I attended a trans conference organised and chiefly attended by cis people. I didn’t know this would be the case before I went, and it was an awful experience. The worse parts don’t merit being repeated but I’ll touch on one aspect of it that particularly stunned me.
I wound up sitting next to the parent of a trans boy. In answering someone’s question, I implicitly disclosed, at which point, she began asking me all her queries about what might be next for her child. In the midst of answering those, I explained I was there in part to gather resources as part of disclosing to my twins. This visibly disturbed her. After trying to politely let it go, she finally asked, “but why tell them? You’re done transition, why bring it up with them?”
Yes, I found myself having to justify why I’d disclose at a trans conference, to someone who was in the process of benefiting from my remaining involved in trans advocacy. No, I was not impressed with these judgmental inquiries.
I explained that they had already begun being fascinated with my surgical scars, esp the skin grafts, and I wasn’t going to lie to them about why I had them. I explained how it was relevant in explaining why I don’t have a genetic link to them. “But many cishet people adopt! That’s no reason!” I explained that though they weren’t adopted, her point stood, many cishet people came to be parents via similar means as me but their relationship to said circumstances would be different, and it feels important to me that they know the unique history of how they came to be.
I found myself having to justify disclosing to my twins. Gross. I was not impressed with this unsolicited advice to erase parts of me to my own family.
I explained that my deadname has this impressive way of cropping up when I least expect it, even after all these years, and I would rather be the one to set the framework through which my medical and legal history is understood rather than have cisnormative people disclose me on their terms that make my skin crawl and invalidate my lived experience.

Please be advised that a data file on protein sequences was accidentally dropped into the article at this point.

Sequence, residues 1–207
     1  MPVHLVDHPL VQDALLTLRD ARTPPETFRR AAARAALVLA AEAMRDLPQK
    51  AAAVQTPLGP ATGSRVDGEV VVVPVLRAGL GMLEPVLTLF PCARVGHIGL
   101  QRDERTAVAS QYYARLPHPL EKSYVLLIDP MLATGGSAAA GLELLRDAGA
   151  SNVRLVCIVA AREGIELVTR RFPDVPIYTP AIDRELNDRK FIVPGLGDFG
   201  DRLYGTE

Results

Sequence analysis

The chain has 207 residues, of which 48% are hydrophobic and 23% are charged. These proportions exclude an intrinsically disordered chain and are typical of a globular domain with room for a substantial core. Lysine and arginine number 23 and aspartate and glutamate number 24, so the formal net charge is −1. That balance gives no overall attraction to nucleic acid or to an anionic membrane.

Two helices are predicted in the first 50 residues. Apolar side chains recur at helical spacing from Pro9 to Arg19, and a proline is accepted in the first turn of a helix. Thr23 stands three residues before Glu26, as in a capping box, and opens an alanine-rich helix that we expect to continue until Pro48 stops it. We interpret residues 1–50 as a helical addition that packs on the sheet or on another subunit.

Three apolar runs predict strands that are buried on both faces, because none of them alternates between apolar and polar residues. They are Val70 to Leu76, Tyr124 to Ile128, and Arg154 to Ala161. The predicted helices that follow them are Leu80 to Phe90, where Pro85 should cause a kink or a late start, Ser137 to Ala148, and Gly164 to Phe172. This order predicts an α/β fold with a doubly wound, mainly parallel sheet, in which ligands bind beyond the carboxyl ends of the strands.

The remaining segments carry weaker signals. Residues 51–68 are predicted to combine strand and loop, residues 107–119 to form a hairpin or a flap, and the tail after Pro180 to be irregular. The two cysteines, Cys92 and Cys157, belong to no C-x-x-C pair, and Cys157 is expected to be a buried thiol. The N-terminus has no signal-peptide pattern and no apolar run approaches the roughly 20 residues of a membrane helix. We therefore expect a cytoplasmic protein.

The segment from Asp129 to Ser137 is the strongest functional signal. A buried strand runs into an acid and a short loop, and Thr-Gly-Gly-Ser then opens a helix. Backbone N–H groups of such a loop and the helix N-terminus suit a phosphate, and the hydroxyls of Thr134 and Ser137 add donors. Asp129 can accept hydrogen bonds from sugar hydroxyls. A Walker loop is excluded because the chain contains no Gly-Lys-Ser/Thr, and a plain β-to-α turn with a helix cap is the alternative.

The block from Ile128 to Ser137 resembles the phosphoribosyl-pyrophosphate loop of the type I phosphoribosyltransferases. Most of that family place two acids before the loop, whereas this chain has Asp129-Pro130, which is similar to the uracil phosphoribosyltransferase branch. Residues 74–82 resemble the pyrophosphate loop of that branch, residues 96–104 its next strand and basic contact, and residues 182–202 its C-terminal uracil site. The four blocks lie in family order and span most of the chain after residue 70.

By the time I’d responded to all her inquiries, she remained visible upset with my choices in life. One of the things that helped me keep composure was this blog. It’s my space to document and unpack this constant pressure to never disclose again, and instead construct my life in ways so I don’t have to, as if I lived in an AU where all events in my life are under my control. This is govern by the false belief that my medical history hasn’t come up since some point of time. Perhaps when I began being read as male all the time when dressed in public and no one had access to my ID? Since legally amending my sex marker on all documentation? Since completing lower surgeries? No one seems to know, and my ongoing experience is that there is no such point in time. This constant pressure also reinforces the notion that to never or very selectively disclose is more desirable, indeed it is the goal of transition.
I’m not knocking non-disclosure as a concept. I have many younger relatives who don’t know my medical history. I also don’t live with them. It is highly unlikely they will be around the next time my zombiename rises, as it seemingly always will, sooner or later. These relatives are also unlikely to meet any of my trans friends. Or be aware of the next time I jab myself for testosterone.
It’s important to me the twins know at least some of my medical history. It’s relevant to them.
I can’t believe this happened at a trans conference of all places. You don’t have to agree with someone to respect their choices in their lives that don’t impact you. Trans can be relevant to some of us, long after whatever point you think a trans person can never again consider their medical history. Disclosure isn’t a blemish or statement on someone’s transition. It’s a multi-layered choice for some of us, that we make in differing ways in differing parts of our lives.